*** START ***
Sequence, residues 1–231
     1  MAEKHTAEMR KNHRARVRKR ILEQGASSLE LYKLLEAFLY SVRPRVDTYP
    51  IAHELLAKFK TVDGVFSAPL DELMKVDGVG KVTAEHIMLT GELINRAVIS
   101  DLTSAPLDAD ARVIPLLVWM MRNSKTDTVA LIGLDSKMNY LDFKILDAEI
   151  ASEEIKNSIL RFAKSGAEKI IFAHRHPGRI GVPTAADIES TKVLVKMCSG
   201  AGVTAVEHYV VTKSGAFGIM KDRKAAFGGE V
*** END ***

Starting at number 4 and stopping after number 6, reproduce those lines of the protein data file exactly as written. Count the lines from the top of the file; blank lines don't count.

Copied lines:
   101  DLTSAPLDAD ARVIPLLVWM MRNSKTDTVA LIGLDSKMNY LDFKILDAEI
   151  ASEEIKNSIL RFAKSGAEKI IFAHRHPGRI GVPTAADIES TKVLVKMCSG
   201  AGVTAVEHYV VTKSGAFGIM KDRKAAFGGE V